One of the main controversies surrounding Donald Trump’s first weekend as president was over the crowd size at the inauguration. The media took great pleasure in pointing to Trump’s crowd size being smaller than Barack Obama’s inaugurations. Trump took umbrage at this and claimed that 1-1.5 million people attended. His press secretary Sean Spicer took it a step further and declared that it was “the largest audience to ever witness an inauguration, period.”
Here are the facts regarding Trump’s crowd sizes.
It is difficult to get an exact number on the crowd size. John Hinderaker at the Power Line blog notes that “an official estimate of crowd size for either the 2009 inauguration or last Friday’s” will never be completed.
“The National Park Service stopped doing such estimates in the 1990s,” writes Hinderaker. “Two, the issue normally would be analyzed by looking at satellite photos, but Friday was too cloudy for such pictures. Hence the uncertainty.”
That being said, there are still numbers that provide a general idea of Trump’s crowd size and how it compares to other inaugural crowd sizes.
Trump’s inauguration crowd size was smaller than Obama’s, but likely larger than other relatively recent inaugurations. PolitiFact pooled together enough data to determine that Trump’s crowd size was in a range of 250,000 to 600,000 people, which is a range that is wide but perhaps necessary given the lack of satellite photos. Obama’s inauguration crowd sizes were around 1.8 million and one million in 2009 and 2013, respectively.
However, Trump’s crowd sizes were likely bigger than the crowd sizes for President George W. Bush, who drew 300,000 to his inauguration and 400,000 at the second, as well President George H.W. Bush’s crowd size of 300,000 people. Trump’s crowd size would have also been bigger than Bill Clinton’s 1993 inauguration crowd size of 250,000 and Ronald Reagan’s inauguration crowd sizes of no “more than 400,000 attendees.”
In other words, the 250,000-600,000 crowd size range is nothing to sneeze at, but Trump simply couldn’t help but bend the truth in this regard.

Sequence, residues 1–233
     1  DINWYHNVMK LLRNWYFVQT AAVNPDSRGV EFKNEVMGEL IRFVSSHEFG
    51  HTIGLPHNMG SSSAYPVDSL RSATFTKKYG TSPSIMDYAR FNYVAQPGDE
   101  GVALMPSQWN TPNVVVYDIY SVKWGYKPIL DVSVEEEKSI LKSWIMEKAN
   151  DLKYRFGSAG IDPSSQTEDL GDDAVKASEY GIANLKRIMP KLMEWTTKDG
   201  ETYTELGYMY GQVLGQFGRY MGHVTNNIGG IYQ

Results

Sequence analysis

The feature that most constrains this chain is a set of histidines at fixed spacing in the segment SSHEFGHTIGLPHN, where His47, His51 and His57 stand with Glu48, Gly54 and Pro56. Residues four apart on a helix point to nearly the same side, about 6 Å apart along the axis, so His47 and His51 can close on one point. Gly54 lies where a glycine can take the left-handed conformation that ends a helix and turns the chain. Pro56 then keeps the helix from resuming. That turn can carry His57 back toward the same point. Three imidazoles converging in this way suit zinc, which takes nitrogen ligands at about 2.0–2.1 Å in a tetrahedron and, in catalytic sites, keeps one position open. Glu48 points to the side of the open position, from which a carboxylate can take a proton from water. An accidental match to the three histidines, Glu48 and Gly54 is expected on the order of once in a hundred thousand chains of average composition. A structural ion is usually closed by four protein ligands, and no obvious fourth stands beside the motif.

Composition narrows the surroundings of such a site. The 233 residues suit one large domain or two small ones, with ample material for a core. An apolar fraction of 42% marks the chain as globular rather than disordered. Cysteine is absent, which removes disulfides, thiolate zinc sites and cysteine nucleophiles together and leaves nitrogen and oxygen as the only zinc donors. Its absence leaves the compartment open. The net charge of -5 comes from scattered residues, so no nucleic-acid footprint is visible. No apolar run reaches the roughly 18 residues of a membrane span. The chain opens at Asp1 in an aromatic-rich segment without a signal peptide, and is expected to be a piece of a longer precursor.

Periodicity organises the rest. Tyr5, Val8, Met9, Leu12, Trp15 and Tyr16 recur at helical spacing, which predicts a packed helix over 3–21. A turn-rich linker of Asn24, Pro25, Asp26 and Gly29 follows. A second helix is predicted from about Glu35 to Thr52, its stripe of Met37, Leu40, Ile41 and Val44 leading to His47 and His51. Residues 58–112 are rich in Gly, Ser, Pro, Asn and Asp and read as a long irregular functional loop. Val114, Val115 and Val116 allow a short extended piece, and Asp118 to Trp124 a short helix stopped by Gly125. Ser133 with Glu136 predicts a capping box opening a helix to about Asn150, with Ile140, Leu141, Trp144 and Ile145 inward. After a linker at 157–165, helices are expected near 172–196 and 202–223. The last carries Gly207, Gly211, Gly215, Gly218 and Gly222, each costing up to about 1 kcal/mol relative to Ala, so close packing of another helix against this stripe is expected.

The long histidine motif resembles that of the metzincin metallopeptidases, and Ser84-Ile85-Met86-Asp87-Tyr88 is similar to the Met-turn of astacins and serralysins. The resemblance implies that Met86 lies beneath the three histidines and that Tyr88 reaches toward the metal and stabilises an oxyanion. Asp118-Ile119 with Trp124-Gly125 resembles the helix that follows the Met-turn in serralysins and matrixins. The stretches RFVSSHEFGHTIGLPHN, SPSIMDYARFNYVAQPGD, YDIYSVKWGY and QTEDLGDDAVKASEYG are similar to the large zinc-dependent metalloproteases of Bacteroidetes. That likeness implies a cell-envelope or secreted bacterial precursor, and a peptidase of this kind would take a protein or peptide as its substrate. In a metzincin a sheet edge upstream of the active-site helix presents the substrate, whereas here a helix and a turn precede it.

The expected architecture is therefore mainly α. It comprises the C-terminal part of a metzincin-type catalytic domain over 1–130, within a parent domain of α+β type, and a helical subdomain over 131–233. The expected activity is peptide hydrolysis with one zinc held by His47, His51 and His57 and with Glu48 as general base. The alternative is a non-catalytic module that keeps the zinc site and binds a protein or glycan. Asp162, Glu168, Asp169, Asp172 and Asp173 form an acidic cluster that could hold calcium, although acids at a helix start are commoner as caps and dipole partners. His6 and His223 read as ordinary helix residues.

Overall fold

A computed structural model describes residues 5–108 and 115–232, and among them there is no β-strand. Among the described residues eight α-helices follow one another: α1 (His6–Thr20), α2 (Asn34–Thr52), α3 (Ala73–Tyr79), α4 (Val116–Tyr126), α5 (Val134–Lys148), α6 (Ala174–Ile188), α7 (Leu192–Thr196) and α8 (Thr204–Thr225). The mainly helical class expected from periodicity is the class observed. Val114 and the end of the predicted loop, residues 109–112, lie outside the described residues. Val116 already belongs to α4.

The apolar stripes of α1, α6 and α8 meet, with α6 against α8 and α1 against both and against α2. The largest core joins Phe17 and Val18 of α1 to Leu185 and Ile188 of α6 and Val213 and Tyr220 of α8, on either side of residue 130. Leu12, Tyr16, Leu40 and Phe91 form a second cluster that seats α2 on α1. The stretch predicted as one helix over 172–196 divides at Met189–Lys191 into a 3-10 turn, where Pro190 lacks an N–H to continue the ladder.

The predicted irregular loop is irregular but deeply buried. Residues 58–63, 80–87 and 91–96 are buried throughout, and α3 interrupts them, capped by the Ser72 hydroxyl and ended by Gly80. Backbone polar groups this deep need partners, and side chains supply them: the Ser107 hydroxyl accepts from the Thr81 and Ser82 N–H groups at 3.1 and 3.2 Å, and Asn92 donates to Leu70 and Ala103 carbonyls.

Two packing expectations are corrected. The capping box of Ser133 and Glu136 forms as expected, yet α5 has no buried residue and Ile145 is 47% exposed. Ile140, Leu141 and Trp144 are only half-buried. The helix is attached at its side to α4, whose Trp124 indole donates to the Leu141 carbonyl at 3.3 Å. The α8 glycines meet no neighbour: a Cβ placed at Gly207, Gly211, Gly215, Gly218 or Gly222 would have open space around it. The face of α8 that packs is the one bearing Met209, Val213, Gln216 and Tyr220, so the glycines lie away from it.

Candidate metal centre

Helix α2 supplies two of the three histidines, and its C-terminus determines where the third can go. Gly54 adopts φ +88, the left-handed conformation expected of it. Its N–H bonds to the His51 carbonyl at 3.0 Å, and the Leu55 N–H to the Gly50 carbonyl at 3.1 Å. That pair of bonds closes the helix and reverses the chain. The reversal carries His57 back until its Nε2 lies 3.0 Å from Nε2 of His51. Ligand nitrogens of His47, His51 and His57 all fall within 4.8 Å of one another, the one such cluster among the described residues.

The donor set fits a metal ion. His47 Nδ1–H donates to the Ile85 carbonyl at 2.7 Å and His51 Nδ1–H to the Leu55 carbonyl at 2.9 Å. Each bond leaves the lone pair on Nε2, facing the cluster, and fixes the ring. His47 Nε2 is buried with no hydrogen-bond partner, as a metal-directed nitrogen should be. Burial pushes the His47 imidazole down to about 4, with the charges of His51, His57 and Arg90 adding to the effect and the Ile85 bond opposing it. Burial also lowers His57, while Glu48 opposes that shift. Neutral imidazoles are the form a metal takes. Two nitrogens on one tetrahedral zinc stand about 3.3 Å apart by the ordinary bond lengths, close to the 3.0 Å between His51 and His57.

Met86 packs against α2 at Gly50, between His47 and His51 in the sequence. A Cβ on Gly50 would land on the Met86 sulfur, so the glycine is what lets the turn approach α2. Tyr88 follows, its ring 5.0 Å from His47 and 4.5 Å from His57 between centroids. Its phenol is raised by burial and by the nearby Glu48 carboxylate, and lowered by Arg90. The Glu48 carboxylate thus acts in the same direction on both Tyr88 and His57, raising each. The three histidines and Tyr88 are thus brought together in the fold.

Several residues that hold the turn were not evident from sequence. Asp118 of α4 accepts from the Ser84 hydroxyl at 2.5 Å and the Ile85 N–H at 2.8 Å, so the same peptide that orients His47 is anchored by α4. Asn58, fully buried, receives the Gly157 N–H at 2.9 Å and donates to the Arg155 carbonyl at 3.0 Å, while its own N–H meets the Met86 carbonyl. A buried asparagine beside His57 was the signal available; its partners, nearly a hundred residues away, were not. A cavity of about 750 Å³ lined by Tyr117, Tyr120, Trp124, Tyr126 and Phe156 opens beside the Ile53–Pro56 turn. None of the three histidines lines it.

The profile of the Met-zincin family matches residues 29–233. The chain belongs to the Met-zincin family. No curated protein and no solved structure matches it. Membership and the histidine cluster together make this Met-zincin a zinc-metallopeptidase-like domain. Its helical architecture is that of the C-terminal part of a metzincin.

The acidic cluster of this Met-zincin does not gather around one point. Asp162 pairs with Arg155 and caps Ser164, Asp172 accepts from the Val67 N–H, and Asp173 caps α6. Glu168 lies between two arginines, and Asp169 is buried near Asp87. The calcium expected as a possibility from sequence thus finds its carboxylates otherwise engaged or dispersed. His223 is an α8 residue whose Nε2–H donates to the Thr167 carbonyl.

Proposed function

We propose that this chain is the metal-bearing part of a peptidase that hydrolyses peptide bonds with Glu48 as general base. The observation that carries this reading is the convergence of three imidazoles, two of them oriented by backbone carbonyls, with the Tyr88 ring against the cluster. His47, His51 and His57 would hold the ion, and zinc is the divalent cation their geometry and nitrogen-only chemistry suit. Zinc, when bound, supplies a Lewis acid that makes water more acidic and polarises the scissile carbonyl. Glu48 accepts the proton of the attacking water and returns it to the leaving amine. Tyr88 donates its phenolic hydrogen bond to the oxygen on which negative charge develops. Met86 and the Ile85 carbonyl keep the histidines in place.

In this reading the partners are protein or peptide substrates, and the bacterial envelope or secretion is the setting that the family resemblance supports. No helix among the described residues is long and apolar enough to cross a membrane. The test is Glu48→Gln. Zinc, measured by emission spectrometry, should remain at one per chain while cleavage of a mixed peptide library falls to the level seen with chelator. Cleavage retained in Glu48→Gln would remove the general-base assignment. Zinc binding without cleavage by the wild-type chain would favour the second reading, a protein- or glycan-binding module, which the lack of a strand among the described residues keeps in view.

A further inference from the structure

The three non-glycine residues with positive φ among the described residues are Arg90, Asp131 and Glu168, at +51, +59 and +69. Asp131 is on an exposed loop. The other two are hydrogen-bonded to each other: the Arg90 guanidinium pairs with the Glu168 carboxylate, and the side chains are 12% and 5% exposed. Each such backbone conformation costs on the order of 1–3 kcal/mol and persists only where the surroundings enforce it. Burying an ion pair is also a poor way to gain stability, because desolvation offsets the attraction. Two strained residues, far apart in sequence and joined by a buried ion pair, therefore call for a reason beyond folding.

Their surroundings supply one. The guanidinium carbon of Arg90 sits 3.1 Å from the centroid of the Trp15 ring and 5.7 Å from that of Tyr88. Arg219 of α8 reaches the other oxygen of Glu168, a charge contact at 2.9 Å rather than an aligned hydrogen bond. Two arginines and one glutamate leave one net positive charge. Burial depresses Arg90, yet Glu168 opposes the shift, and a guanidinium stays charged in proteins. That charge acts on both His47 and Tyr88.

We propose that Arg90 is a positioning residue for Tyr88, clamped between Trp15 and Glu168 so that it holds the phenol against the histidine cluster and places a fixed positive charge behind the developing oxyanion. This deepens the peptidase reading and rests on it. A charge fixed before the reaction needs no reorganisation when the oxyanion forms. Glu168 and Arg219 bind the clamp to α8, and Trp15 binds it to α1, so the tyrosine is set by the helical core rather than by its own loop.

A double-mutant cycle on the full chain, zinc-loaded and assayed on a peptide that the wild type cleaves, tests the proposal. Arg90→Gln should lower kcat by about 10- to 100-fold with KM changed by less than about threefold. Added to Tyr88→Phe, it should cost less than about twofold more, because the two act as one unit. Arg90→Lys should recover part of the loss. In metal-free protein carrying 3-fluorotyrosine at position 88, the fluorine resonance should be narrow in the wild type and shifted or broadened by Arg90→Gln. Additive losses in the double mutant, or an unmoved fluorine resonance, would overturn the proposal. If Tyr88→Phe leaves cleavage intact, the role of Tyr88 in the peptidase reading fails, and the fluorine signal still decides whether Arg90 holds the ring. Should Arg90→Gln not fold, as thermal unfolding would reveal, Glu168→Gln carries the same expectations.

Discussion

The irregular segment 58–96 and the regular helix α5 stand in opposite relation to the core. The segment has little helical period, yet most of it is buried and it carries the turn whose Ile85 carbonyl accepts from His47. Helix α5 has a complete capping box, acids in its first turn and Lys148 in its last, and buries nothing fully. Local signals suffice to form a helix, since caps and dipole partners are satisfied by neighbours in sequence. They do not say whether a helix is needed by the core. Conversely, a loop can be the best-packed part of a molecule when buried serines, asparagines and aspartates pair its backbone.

The media used a deceptive photo in comparing crowd sizes. Here is the main photo used by the New York Times:
— NYT Politics (@nytpolitics) January 21, 2017
However, Fox News anchor Brit Hume noted that the photo used by the Times for Trump’s inauguration was misleading:
I was in the building at the bottom of picture on right yesterday. Shot was taken early, area was considerably fuller by time of speech. https://t.co/bzhWjm4alC
— Brit Hume (@brithume) January 22, 2017
In fact, the New York Times link that Hume quote-tweeted shows a side-by-side photo between Obama’s 2009 inauguration crowd size and Trump’s crowd size along the national mall to the Washington Monument, and they look fairly similar. This begs the question as to why the New York Times decided to use a photo showing a relatively barren crowd at the national mall for Trump’s inauguration as the featured photo. We all know the answer.
The Women’s March attracted three times as many as people as Trump’s inauguration. Per the New York Times:
Marcel Altenburg and Keith Still, crowd scientists at Manchester Metropolitan University in Britain, analyzed photographs and video taken of the National Mall and vicinity and estimated that there were about 160,000 people in those areas in the hour leading up to Mr. Trump’s speech Friday.
They estimated that at least 470,000 people were at the women’s march in Washington in the areas on and near the mall at about 2 p.m. Saturday.
In the end, there’s only one fact that matters.
Hillary’s Inauguration Crowd pic.twitter.com/H9zFBDj6ll
— Dog (@TheDogOG) January 21, 2017
People can squabble about crowd sizes and what they mean until the end of time, but it doesn’t change the fact that Trump is the president and will be judged based on his actions in the Oval Office, not by how his crowd size compares to others.
(h/t: Independent Journal Review)
This article has been modified to correct Obama’s inauguration crowd sizes.
Follow Aaron Bandler on Twitter @bandlersbanter.